Truth and Movies

Bliss

Review by Charles Bramesco @intothecrevasse

Directed by

Mike Cahill

Starring

Nesta Cooper Owen Wilson Salma Hayek

Anticipation.

That Mike Cahill has a new movie out will come as a surprise to most of us.

Enjoyment.

It could be a while until his next one.

In Retrospect.

The cameos from Bill Nye and Slavoj Žižek were fun.

Mike Cahill’s disastrous sci-fi parable sees Owen Wilson and Salma Hayek slip into a simulated realty.

From the French nicknaming absinthe “la fée verte” in the 19th century to Lou Reed declaring heroin his wife in song with the Velvet Underground, men have long conflated the pleasures of intoxication with the temptations of womankind. These flighty mistresses make you feel good, right up until they take over your life, at which point they then leave you more broken than you’ve ever been before. Ingest, crash, repeat.

The inherent objectification of likening a person to a controlled substance has made the device increasingly difficult to pass muster with today’s fine-tuned misogyny radars. And the more involved the metaphor, the more thinly a writer must spread it. It’s not a winning strategy for something as lengthy and involved as a feature film, a lesson that Mike Cahill’s latest sci-fi parable Bliss illustrates to disastrous effect.

It’s on an exceptionally bad day in the life of Greg (Owen Wilson), a drone at a tech support office in which everyone speaks in apologies, that his path crosses Isabel’s (Salma Hayek). Popping pills, divorced from his wife and estranged from their kids, he’s called in for a meeting that starts with his dismissal and ends with him inadvertently murdering his boss. He hides the body and heads for a cool-down drink at the dingy watering hole across the street, where the shabby yet intriguing Isabel eats a few glowing yellow crystals and telepathically disappears the corpse Greg left behind.

As she explains, they are two of a scant number of real people living in a simulated reality she has learned how to control with the crystals’ aid. (That this film’s release would concur with that of the similar yet superior A Glitch in the Matrix arouses suspicions.) She and her world-warping gems – later, we’ll learn that eating exactly 10 blue ones can transport their user to an idyllic alternate dimension – suck Greg into an addictive downward spiral that spits them out in one of the many homeless encampments dotting LA’s forlorner streets.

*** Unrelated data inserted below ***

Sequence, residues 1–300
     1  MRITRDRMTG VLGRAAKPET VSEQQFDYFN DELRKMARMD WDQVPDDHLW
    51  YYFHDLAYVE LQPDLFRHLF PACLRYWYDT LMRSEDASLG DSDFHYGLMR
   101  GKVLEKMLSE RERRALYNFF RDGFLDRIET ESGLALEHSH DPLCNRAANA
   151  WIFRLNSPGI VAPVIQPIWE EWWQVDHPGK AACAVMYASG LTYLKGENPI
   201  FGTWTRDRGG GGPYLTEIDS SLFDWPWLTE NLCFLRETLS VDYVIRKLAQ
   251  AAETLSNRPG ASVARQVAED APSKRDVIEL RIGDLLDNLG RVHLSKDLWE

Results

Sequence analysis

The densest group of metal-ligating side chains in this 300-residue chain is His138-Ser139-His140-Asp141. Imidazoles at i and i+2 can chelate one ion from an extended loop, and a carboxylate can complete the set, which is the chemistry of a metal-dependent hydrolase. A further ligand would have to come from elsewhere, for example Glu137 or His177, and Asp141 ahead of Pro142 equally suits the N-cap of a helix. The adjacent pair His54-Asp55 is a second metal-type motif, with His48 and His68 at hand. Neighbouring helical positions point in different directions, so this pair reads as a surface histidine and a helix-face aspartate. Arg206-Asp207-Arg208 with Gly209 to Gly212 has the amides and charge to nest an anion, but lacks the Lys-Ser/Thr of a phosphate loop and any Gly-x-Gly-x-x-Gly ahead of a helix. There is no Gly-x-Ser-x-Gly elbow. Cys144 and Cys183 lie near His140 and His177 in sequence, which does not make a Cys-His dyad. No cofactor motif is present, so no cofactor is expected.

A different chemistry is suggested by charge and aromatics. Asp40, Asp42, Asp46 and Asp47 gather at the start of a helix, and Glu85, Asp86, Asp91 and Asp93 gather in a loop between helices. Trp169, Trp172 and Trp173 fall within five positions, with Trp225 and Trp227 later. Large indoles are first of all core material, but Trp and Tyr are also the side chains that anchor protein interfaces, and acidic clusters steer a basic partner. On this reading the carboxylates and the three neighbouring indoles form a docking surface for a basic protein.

Greg and Isabel shed their lamentable circumstances for much of the second act by getting so zonked on bluies that they slip into that far preferable parallel universe. There, they are wealthy spouses with a palatial Californian estate, hobnobbing with thought leaders while ignoring the aggrieved underclass raging in revolt just outside their soiree.

Cahill’s clumsy attempt at class commentary eventually thuds back to earth, or at least, the version of it that we’ve been presented with. The many logical holes and other dissonance get explained away in the final minutes, as the hallucinated Isabel vanishes and Greg emerges from a drug-induced stupor into a rehab meeting. There’s an argument to be made that it’s unsporting to divulge the true nature of a movie’s twist ending in its review, but when interpretation of the entire text hinges on that revelation, it’s impossible not to.

Either way, there’s not much to worry about missing out on here. Even before the big gotcha wipes away anything the preceding hundred minutes might have meant, Greg and Isabel’s mile-high dash into degeneracy lacks any authentic grit, unfit to share a needle with the likes of Heaven Knows What. The stranger flights of fancy don’t even take us anywhere that far out, every bit as bland as the subplot following Greg’s daughter and son on their mission to reach him.

If Cahill is going to abandon his philosophical aspirations to make the whole thing about narcotics in no uncertain terms, he could have done more to create an atmosphere to match the rolling high. Instead, the rightly rejected Twilight Zone pitch gets a level of technical polish to match. We can’t feel for Greg unless we feel what Greg feels. We have to want it as badly as a lover.

Published 4 Feb 2021

Tags: Bliss Mike Cahill Owen Wilson Salma Hayek

Anticipation.

That Mike Cahill has a new movie out will come as a surprise to most of us.

Enjoyment.

It could be a while until his next one.

In Retrospect.

The cameos from Bill Nye and Slavoj Žižek were fun.

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